Recetas deliciosas to transport your tastebuds south of the border.
Like a kid rambling on about his crush, I love Denisse Chavez's Carnitas El Atoradero in the South Bronx for more reasons than you care to hear. A devoted fan since the days when she ran an ace carnitas operation out of a skinny bodega, I once described her food as "the home-style cooking, way beyond the taco, that New York needs."
Not that you can't find tacos, but the heart of her menu is devoted to fantastic takes on brooding mole poblano, tortitas made funky with dried shrimp, and tender egg-stuffed meatballs swimming in smoky chipotle broth. This is the Pueblan food that's won her universal acclaim, and since January of last year, Carnitas El Atoradero has gotten stamped with a New York Times' Critic's Pick, snagged the 17th spot on New York's 101 Cheap Eats list, and was included in the Village Voice's Choice Eats festival.
I'd attributed much of Chavez's success to an uncompromising, fanatical devotion to base ingredients. She's willing to literally risk her life procuring spices and herbs in Mexico to bring back to the Bronx, and those fresh, real-deal flavors make their way everything she cooks.
Her pantry puts the rest of New York's Mexican kitchens to shame. While the city is home to the largest concentration of Poblanos outside Puebla, it's still difficult to find fresh, quality chilies, herbs, and spices. Sure, our Mexican restaurants are certainly improving, but how many New York taqueria chefs devote three days to making mole?
Chavez does. And if you're curious what those death-defying ingredients are that she uses every day, take a look around her pantry.
Chipotle Two Ways: Meco and Morita
Chipotles are one of the more popular chilies in the Poblano arsenal. Stateside, we mostly see the flush, ruby-red chipotle morita or the canned versions in thick, vinegary adobo sauce. But in Mexico, chipotle meco is the most popular for its deep smokiness—so much so that almost none of it escapes the country.
The ones Chavez uses have the tannish color of worn leather and lend their deep smokiness to simmering pots of adobo and pollo con chipotle. The more pliable morita, made with fully ripened jalapenos, finds its way into her mole poblano.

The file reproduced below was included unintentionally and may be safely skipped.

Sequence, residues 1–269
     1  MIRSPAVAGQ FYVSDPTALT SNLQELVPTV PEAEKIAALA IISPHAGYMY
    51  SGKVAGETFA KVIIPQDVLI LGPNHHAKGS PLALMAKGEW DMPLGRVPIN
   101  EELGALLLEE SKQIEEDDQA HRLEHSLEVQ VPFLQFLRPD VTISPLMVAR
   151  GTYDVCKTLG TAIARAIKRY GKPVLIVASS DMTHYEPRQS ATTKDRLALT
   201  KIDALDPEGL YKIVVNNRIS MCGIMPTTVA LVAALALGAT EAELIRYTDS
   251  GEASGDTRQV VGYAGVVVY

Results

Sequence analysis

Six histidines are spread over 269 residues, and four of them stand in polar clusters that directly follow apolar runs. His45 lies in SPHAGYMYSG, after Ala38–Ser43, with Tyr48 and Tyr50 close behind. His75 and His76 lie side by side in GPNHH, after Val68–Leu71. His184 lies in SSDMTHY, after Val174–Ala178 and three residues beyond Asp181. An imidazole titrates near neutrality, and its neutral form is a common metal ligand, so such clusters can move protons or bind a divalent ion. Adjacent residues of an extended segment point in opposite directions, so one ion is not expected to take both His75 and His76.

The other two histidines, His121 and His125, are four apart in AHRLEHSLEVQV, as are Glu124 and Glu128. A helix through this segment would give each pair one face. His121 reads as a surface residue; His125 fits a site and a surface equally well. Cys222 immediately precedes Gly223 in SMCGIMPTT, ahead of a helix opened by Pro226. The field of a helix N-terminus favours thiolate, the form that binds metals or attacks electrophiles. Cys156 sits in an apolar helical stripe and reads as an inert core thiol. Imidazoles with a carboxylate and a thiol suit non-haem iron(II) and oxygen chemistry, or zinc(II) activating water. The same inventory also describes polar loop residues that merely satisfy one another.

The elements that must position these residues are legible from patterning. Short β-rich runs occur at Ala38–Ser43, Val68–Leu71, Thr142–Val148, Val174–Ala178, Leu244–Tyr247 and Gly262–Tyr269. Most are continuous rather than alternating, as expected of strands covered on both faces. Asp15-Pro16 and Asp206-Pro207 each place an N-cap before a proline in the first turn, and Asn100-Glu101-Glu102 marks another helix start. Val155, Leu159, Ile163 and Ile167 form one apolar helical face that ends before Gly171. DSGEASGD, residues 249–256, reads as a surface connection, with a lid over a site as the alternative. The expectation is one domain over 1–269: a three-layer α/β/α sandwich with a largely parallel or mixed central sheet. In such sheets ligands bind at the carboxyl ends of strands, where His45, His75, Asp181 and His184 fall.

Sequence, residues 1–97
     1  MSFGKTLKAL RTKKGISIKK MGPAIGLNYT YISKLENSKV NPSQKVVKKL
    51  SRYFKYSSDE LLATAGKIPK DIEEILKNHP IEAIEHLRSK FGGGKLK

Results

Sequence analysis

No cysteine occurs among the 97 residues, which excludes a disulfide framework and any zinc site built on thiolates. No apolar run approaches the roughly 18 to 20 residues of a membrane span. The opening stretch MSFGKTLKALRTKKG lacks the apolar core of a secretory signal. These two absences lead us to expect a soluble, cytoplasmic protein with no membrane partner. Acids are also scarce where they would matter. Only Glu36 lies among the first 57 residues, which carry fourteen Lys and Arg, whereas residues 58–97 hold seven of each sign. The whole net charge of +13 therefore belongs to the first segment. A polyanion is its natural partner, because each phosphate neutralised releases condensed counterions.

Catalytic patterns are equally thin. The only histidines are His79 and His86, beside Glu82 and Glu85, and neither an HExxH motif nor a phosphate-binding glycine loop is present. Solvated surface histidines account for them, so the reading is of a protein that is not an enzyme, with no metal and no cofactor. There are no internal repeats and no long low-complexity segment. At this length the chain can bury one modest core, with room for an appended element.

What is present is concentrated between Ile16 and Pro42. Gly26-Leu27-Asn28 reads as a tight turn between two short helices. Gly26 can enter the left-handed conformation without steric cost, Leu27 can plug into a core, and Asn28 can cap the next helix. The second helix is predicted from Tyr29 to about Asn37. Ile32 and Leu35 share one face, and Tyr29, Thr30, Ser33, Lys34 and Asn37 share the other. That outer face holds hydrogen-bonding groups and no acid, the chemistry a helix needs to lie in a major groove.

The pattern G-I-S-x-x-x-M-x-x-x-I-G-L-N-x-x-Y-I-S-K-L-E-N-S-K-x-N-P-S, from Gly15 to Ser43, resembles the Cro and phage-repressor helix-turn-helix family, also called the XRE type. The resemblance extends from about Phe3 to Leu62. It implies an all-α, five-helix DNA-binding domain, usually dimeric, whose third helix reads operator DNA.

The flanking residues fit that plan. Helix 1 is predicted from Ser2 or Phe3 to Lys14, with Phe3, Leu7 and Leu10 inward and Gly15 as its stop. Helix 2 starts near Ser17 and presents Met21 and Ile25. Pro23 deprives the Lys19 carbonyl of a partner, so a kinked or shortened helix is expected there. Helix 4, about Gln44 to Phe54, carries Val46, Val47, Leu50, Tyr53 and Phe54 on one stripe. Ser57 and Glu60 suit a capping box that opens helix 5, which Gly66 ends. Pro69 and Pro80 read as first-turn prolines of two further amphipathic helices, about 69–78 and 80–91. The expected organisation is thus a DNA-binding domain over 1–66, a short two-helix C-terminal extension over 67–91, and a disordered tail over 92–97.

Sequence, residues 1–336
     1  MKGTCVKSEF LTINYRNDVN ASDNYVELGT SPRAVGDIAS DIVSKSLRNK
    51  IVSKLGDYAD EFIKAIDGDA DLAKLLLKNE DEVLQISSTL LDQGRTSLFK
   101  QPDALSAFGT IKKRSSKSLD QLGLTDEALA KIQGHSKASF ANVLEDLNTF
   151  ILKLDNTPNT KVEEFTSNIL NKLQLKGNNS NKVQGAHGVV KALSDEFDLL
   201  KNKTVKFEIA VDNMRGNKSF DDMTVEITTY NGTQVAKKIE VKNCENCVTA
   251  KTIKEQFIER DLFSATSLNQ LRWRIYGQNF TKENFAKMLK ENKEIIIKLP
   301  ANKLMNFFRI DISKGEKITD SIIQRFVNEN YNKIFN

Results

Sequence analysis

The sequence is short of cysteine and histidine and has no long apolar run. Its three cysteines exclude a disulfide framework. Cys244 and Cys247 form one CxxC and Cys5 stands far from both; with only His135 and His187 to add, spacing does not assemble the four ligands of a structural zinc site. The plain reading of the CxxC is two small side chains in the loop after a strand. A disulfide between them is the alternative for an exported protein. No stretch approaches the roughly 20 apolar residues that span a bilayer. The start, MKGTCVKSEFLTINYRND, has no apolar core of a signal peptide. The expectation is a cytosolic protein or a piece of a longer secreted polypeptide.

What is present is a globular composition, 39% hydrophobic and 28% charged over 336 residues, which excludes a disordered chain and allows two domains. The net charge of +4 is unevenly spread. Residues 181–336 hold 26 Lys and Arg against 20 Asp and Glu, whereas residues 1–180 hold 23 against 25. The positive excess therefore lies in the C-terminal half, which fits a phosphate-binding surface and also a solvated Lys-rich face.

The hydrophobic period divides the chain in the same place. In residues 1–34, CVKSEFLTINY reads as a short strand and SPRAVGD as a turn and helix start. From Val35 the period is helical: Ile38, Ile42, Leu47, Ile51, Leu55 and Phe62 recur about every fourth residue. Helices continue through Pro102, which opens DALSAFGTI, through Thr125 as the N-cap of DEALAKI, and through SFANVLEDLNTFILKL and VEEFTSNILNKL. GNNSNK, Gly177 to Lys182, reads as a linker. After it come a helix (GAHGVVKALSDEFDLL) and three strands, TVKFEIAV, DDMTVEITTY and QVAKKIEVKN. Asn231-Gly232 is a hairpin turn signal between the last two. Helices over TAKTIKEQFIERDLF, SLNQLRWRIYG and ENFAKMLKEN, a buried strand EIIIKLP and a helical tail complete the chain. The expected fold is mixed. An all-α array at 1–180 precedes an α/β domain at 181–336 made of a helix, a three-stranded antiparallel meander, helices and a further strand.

Mexico is home to an embarrassment of chilies. Chavez uses a handful of peppers, not all pictured here. Grassy jalapeno, serrano, and fresh arbol go into her trademark salsa molcahete. Dark, raisin-like mulato and pasilla go into her smokey mole poblano. You'll also find dried anaheim, ancho, and guajillo chilies in her dishes.
Mexican oregano, laurel (Mexican bay leaf), and Mexican or Spanish thyme are just three of the many ingredients that go into Chavez's carnitas, but they are essential enough that she's willing to drive thousands of miles for them. Why not just use the more common varieties available locally? The flavor is totally different. Mexican oregano is less bitter than the European kind, more akin to marjoram. Laurel is more mellow than the Turkish and California bay leaves we typically use, and her thyme is more intensely fragrant.
Ask for tomates at Chavez's bodega—right next door to the restaurant—and you might not get what you were looking for. In central Mexico, tomates refers to what we typically call tomatillos (or jamberry—why don't we call them jamberry more often?), which developed in Mexico. Tomatoes proper are called jitomates, though those come from South America.
Anyways, there are many varieties of tomate in Mexico, of which tomatillos are but one particularly small variety. At El Atoradero, they use two varieties. The larger tomate verde brings its puckering tartness exclusively to salsas (try this salsa verde), while the tiny tomate de arbol is more widely deployed in stewed dishes.